I think it is shameful that FStoppers (and other similar sites) post these articles. It is pretty clear that you cannot legally fly a drone over New York City (unless you have an exemption of some sort). Then because of these kinds of articles other people will follow and do similar things. It turns out that the honest person once again gets the short end of the stick because violators ruin it for everybody. I certainly hope that FStoppers will think before posting stories like this in the future. Shame on you guys.

Gonna assume he has his part 107 and flew with FAA permission as NYC is mostly off limits to drones. As respected journalists, I'm sure you verified this before promoting this first, right? Maybe toss that in the intro of this article to discourage others of flying drones in airspace full of commercial airlines.

Nick Rains's picture

Different perspective? Hardly. Plenty of people have been shooting (legal) photos like this for years. If you can't afford a chopper, don't just buy a drone and break the law.

Jonathan Reid's picture

Who needs drone police when other photographers are so vigilant?

Anonymous's picture

I think a lot of people get understandably upset because they are using their drones legally and responsibly and people who do stuff like this (assuming that he didn't have the proper permission) are the reason that they end up having to constantly deal with more restriction, more regulation, and more hoops to jump through.

It's essentially the "This is why we can't have nice things." frustration.

Of course this all hinges on the belief that he didn't have permission which is something that we're not certain about. All I know is that last time I checked (admittedly a while ago while I was looking into potentially buying a drone), you couldn't do this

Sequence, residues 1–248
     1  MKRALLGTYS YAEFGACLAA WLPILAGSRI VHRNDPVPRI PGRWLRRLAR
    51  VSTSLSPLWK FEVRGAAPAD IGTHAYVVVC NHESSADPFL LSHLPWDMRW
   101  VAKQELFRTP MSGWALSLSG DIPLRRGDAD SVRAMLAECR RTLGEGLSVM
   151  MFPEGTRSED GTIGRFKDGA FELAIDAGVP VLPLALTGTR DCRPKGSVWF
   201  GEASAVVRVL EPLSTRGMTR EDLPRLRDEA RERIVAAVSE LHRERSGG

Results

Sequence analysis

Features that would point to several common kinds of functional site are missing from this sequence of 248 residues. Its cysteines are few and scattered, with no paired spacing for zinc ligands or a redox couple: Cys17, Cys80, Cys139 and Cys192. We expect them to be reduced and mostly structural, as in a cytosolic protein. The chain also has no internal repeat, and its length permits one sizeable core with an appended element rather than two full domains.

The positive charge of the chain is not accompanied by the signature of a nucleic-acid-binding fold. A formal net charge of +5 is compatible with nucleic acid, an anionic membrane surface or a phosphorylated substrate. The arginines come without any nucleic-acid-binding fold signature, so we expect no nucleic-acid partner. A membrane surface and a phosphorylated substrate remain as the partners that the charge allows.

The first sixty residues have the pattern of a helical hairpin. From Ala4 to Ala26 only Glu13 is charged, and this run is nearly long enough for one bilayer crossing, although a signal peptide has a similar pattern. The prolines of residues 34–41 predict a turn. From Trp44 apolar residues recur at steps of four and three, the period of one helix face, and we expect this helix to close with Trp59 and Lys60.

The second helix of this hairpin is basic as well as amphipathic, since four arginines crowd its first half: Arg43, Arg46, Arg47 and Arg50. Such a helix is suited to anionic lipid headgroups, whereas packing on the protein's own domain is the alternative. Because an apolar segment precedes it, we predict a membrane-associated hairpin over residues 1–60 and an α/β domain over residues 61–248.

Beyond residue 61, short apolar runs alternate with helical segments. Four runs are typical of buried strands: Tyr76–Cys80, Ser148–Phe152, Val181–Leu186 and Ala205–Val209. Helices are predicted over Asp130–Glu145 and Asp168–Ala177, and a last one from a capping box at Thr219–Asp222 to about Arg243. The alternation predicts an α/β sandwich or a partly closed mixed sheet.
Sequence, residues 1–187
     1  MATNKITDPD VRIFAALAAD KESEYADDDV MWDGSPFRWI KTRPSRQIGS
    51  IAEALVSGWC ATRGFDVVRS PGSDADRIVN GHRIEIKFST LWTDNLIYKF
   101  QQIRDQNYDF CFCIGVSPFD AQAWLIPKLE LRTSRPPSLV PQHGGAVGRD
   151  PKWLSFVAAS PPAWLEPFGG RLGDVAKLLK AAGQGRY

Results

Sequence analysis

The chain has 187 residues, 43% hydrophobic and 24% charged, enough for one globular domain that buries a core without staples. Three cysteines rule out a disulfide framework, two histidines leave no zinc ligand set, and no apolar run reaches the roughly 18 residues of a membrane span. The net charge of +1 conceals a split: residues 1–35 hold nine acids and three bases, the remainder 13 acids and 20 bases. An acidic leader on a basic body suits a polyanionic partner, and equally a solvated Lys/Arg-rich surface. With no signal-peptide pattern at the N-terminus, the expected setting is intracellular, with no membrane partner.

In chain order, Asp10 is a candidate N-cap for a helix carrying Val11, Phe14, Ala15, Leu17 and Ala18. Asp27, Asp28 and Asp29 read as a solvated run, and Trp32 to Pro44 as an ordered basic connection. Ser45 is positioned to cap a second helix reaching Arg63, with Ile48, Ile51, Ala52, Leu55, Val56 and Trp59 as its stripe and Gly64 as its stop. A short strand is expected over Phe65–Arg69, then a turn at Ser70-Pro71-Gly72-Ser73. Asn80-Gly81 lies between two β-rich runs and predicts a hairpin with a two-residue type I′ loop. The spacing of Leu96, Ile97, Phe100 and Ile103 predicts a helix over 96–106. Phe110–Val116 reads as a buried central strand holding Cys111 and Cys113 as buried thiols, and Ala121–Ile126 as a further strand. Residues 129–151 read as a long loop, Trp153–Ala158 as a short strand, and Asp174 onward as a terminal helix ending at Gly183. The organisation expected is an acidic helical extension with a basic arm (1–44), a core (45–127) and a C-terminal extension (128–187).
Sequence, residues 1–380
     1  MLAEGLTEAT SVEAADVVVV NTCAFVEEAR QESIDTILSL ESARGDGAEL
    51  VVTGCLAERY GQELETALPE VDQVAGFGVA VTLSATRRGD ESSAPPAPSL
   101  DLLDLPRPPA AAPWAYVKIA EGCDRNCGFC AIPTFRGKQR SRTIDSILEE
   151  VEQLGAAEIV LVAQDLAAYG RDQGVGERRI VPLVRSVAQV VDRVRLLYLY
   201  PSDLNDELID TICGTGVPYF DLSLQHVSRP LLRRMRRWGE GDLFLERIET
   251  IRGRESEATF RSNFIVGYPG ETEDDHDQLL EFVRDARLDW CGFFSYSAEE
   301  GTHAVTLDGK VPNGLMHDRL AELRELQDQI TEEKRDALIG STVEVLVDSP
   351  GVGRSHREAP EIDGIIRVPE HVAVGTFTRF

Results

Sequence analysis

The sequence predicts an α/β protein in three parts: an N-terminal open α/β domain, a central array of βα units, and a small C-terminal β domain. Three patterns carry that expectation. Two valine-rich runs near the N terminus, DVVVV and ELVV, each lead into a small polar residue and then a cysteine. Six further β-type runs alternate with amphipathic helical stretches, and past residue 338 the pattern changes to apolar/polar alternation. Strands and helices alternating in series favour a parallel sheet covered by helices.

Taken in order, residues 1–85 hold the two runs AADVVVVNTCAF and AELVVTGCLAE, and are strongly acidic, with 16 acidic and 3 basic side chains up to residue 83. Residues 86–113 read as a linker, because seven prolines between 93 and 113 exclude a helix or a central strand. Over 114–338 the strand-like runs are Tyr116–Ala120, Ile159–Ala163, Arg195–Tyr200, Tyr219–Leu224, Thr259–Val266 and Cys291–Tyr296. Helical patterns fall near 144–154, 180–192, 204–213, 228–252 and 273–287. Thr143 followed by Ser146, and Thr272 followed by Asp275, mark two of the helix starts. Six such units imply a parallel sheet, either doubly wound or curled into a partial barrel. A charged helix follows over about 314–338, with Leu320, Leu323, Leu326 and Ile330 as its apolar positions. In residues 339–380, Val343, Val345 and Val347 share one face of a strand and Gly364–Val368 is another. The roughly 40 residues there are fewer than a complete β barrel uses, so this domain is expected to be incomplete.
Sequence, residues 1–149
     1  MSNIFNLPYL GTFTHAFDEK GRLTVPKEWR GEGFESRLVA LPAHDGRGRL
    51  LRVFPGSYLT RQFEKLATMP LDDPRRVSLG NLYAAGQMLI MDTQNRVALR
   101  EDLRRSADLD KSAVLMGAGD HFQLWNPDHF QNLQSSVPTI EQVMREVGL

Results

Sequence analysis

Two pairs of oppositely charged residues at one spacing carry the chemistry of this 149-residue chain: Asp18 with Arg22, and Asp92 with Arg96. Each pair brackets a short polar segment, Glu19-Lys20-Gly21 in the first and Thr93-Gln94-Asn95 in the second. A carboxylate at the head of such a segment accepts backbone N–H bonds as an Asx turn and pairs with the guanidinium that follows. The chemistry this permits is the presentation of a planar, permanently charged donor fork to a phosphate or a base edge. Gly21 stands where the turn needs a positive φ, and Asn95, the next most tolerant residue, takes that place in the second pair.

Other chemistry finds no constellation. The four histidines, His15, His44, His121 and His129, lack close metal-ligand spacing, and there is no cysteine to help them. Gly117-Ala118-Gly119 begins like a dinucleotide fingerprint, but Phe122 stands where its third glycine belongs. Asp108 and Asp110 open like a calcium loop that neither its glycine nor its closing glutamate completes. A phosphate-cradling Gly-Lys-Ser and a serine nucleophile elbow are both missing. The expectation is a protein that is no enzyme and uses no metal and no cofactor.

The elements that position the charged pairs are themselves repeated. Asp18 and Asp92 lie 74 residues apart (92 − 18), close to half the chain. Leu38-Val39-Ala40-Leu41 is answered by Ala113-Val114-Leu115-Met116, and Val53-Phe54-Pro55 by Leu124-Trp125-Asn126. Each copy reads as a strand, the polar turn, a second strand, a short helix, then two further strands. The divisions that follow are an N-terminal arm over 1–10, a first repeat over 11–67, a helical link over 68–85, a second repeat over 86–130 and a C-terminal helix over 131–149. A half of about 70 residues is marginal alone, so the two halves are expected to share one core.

Edward Porter's picture

Considering the guy would climb buildings illegally (and more likely face consequence) I doubt he's going through the proper channels. There are two other often neglected violations as well: shots over moving vehicles and non-participating people.

"You can’t fly a small UAS over anyone who is not directly participating in the operation, not under a covered structure, or not inside a covered stationary vehicle." - FAA Fact Sheet

Funny thing about that last part - pretty much makes most of us who have their Part 107 non-compliant as our jobs are often in urban areas.

Jonathan Reid's picture

Consider illegally flying drones as a form of non violent protest. I understand not flying over airports/stadiums/etc, but most drone restrictions are ridiculous.

On a seperate but related matter, I work as a travel photographer where I have have pre arranged permission to use a tripod. When other photographers are told to put away their tripods, their immediate response is “why can he use a tripod?”, like a little child.

Photographers are mean to other photographers who are elevated above them.

Stas Aleksandersson's picture